It’s oh-so Quiet…

As some of you may have heard, Wired magazine is suggesting that the age of the blog may already be over.  And the level of activity here over the past couple of weeks may have lent credence to that supposition. Full service will be resumed soon – it just seems like Søren, David and I are […]

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A fishy affair

By David Hunter Writing in his usual uncompromising style Ben Goldacre describes the latest carry-ons in the “trial” carried out in Durham by the Council on whether fish oils improve GCSE performance: You’ll remember the Durham fish oil “trial” story, possibly the greatest example of scientific incompetence ever documented from a local authority. Initially they […]

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The ethics of abortion – De ja vue or necessary debate?

This summer I realised with some horror that it was 20 years ago I first presented a paper at an international medical ethics conference while still being a medical student. That paper was on who should control the fate of aborted foetuses and the paper I gave the year after at the same conference was […]

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Hot on the newsstands…

The latest JME is out today… and I’d just like to draw everyone’s attention to the paper on facial allograft transplantation by Ben White and some random bloke who needs a haircut.  This isn’t because I had anything to do with it, but because (a) it’s very good, and (b) it’s based on Ben’s dissertation […]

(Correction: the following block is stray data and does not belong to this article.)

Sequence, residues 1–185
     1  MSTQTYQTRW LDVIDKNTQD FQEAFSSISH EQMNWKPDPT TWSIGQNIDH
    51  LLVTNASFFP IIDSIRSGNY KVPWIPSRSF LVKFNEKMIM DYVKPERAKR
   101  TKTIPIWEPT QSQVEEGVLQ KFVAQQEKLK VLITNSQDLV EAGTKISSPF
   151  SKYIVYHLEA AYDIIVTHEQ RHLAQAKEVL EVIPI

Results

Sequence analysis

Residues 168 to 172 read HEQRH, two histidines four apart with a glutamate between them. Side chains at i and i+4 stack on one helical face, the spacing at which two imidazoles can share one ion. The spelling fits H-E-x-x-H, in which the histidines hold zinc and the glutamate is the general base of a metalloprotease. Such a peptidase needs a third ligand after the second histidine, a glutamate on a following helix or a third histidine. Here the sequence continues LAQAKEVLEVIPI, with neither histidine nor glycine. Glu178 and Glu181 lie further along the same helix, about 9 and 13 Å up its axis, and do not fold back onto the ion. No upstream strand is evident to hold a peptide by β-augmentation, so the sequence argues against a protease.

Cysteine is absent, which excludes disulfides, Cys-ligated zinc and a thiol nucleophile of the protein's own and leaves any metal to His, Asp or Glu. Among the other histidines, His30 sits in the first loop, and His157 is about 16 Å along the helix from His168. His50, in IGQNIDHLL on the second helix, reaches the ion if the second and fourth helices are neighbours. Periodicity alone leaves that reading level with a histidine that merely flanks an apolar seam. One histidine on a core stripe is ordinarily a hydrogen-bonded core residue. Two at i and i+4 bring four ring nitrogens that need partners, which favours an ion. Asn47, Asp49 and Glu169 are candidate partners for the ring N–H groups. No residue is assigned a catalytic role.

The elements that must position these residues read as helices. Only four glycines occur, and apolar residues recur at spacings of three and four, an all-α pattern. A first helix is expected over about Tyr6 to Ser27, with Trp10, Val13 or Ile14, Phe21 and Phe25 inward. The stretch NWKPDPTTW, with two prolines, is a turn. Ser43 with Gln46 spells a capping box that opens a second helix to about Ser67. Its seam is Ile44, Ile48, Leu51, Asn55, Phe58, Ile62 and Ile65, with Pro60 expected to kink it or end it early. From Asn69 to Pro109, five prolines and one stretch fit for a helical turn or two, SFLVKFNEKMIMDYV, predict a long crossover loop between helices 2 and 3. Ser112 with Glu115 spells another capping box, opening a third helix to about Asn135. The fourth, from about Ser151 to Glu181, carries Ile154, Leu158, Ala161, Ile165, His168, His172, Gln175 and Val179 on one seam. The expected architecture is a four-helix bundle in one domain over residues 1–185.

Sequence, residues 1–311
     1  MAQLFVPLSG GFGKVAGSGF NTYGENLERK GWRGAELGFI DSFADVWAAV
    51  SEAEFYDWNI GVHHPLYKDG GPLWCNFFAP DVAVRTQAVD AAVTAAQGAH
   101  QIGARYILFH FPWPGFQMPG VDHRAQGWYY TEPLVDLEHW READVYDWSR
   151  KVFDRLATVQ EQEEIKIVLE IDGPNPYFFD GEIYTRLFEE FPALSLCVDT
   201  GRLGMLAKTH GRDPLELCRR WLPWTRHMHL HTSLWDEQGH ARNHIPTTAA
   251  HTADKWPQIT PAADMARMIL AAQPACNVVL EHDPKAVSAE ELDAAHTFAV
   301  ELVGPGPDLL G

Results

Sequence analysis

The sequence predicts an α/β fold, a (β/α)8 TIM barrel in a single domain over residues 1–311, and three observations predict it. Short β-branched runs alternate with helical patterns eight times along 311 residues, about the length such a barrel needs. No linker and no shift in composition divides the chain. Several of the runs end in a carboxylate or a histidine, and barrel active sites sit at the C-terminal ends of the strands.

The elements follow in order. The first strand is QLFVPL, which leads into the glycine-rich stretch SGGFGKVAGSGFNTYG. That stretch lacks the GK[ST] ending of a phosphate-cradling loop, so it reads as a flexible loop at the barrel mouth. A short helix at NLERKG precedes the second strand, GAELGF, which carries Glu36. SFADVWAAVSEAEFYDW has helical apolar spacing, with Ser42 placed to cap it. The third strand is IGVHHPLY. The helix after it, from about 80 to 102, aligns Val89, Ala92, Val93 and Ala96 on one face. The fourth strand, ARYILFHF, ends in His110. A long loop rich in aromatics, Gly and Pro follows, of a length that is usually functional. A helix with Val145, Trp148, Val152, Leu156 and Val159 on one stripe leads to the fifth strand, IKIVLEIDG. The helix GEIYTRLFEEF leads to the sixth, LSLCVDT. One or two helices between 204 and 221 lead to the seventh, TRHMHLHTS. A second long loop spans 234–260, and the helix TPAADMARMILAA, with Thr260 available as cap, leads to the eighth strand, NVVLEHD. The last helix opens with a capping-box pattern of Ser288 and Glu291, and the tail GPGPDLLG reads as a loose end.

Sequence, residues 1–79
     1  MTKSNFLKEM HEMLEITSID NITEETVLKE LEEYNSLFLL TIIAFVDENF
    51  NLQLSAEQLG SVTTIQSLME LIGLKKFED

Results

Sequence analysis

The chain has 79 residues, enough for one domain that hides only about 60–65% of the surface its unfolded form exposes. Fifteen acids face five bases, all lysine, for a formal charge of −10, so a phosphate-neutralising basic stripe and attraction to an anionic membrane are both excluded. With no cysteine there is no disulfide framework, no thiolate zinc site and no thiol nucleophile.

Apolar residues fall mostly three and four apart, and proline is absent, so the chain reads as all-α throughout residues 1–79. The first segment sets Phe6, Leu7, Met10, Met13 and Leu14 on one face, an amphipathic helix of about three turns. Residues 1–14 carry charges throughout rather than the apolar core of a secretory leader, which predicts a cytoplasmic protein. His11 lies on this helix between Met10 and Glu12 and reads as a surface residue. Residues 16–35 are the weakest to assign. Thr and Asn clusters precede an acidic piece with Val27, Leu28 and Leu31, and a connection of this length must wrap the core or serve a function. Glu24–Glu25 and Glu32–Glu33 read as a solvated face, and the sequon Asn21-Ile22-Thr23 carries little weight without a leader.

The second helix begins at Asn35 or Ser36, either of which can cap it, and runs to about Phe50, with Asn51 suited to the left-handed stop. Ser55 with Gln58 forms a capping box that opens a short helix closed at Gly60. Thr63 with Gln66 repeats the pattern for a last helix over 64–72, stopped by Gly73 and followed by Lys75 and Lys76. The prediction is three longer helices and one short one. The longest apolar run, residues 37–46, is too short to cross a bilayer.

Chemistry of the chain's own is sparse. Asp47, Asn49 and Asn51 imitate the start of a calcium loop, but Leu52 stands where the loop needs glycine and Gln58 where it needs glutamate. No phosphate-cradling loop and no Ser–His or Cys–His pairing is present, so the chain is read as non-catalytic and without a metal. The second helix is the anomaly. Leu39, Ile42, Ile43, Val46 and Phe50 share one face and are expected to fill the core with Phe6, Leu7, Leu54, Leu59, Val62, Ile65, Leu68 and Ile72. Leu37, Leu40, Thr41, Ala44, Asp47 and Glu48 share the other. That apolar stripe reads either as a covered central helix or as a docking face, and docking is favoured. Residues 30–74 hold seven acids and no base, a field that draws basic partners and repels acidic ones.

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On Hospital Ethicists

At the beginning of August, Dan Sokol wrote a piece for the BBC news site in which he touched on the place of hospital-employed ethicists.  Apparently, this is a reasonably common position in the States.  I used to be of the opinion that hospital ethicists would be a good idea – when I was a student, […]

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WoooOOOoooO!! Research!!

That “wooOOOooO” was the sound a ghost makes, just in case you were wondering.  I’m not sure if what follows is more of a tale about woeful reporting, or woeful research. What I am more sure about is that many of you will have seen BBC reporting that “[a] large study is to examine near-death experiences in […]

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Food without much thought…

By David Hunter Something that always surprises me at bioethics conferences, especially given the number of vegetarians in the field, is the absence of quality or sometimes even any vegetarian food. Take the recent International Association of Bioethics (IAB) Congress in Croatia. The lunches were fairly awful especially for vegetarians (although the KFC looking chicken […]

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